Monday, March 30, 2020

New video: Rob McMillan talks about the future of the wine industry

In the latest edition of Intoxicating Conversation with W. Blake Gray, I welcome Rob McMillan, one of the leading experts on the business of wine, to talk about how the wine industry is and will be affected by the pandemic.

Rob is Executive Vice President of Silicon Valley Bank's Wine Division, and he is well known for his annual State of the Wine Industry presentations.

So much has changed since he gave his last presentation in January that I thought it was time for an update.

Rob and I talk about the trends we see already, such as wine shipments and certain types of retail sales being up, as well as the impact of the disastrous situation for restaurants. We also talk about the availability of labor, and whether many wineries will be sale when this pandemic finally eases.

I was hoping for these completely unedited conversations to be roughly 25 minutes; that's the email I'm sending to potential guests. I wasn't watching the clock so I have to give Rob the credit: precisely 25 minutes. That's the kind of precision one expects from Rob McMillan. And good conversation too.

I have more of these conversations recorded so you might want to subscribe to my Youtube channel.

Take it away, Rob! Your background is nicer than mine. (That probably is true on multiple levels.)

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1 comment:

Bob Henry said...

Might I modestly offer some post-interview observations?

While the quality of "secondary labels" might rise as more "reserve" level juice is used as an enrichment component, we won't see those 2019 vintage "secondary" wines for two-plus years in the marketplace.  (A marketplace still selling through its 2016 and 2017 and 2018 releases.)

The plight of California farmworkers was addressed today on the front page of the Los Angeles Times.  Found here online:

"Farmworkers face coronavirus risk:'You can't pick strawberries over Zoom.' "


Millennials are more likely to be hourly wage earners (possibly working in service industries such as retail).  Less likely to be salaried workers.  More likely as new college grads to be burdened by student loan debt repayment commitments.  Less likely to have a "nest egg" of savings to tide them over in bad economic times.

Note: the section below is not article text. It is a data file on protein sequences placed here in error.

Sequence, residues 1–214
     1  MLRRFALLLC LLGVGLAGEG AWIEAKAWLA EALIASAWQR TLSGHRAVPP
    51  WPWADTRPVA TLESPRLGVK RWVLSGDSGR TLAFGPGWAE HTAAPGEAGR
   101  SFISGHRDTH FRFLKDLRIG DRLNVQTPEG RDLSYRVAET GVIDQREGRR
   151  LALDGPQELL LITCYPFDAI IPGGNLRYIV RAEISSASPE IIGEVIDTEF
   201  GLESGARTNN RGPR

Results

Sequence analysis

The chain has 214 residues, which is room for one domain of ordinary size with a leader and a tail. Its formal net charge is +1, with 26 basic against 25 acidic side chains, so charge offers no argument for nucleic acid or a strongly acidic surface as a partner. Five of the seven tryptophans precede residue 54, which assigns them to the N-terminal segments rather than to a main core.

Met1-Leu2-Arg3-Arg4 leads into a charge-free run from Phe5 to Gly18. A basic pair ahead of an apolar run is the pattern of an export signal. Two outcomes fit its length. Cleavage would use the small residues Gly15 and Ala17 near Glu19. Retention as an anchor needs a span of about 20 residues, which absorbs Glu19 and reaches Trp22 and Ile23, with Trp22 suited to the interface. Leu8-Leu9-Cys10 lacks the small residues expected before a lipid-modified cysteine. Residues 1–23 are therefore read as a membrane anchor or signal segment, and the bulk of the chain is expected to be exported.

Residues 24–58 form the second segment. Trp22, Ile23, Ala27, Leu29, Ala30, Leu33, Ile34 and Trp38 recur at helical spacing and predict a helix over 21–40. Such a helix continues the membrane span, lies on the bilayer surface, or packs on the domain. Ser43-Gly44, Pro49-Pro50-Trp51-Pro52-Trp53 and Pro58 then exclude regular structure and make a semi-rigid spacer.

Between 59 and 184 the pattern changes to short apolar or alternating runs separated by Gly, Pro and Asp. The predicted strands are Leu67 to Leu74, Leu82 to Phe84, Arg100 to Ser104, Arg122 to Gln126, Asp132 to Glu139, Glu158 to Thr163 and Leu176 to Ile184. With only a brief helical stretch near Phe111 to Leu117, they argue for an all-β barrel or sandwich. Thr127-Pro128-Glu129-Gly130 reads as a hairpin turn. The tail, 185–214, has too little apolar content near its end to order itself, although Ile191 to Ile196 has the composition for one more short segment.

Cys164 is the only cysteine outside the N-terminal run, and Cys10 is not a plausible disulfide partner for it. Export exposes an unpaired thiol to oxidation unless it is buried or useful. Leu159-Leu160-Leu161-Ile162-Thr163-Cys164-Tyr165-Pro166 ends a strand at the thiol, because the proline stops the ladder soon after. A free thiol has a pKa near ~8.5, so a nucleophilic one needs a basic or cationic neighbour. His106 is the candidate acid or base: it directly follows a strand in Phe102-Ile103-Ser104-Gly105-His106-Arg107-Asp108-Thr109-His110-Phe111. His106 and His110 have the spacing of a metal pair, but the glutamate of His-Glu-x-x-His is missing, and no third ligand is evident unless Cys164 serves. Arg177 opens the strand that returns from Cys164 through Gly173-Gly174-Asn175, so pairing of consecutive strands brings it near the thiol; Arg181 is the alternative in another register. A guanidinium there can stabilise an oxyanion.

And those Millennial wage earners are more likely to be among the first wave of workers furloughed/laid off due to the closure of non-"essential" (retail) businesses, as shopers adhere to "stay at home" directives to diminish the spread of COVID-19.

Wine is an elective purchase, not a necessity when you are without a paycheck.

(Updated dour statistic: the number of new unemployment claims over the past two weeks exceeds 10 million.)

In the consumer packaged goods industry, the rule-of-thumb is that a grocery store shopper will expend (on average) about 2 seconds reading the front label of a product positioned on the shelf.  No guarantee that the shopper will pick up the product and read the back label.  (That's about the same time spent reading an outdoor billboard while driving down the road.)

Retaining existing (say, mailing list) customers -- the "low hanging fruit" -- is more important than acquiring first-time customers.  Underscored by this often recited business statistic:

Excerpt from The Wall Street Journal “Marketplace” Section
(November 26, 2008, Page B6):

“Marketers Reach Out to Loyal Customers”


By Emily Steel
Staff Reporter

"It’s an adage of the business: Persuading a satisfied customer to return is cheaper than attracting a new one.  Now, in the struggle to do more with less, that concept is becoming even more important.

"Acquiring a new customer costs about five to seven times as much as maintaining a profitable relationship with an existing customer, says Marc Fleishhacker, managing director at WPP’s Ogilvy Consulting . . ."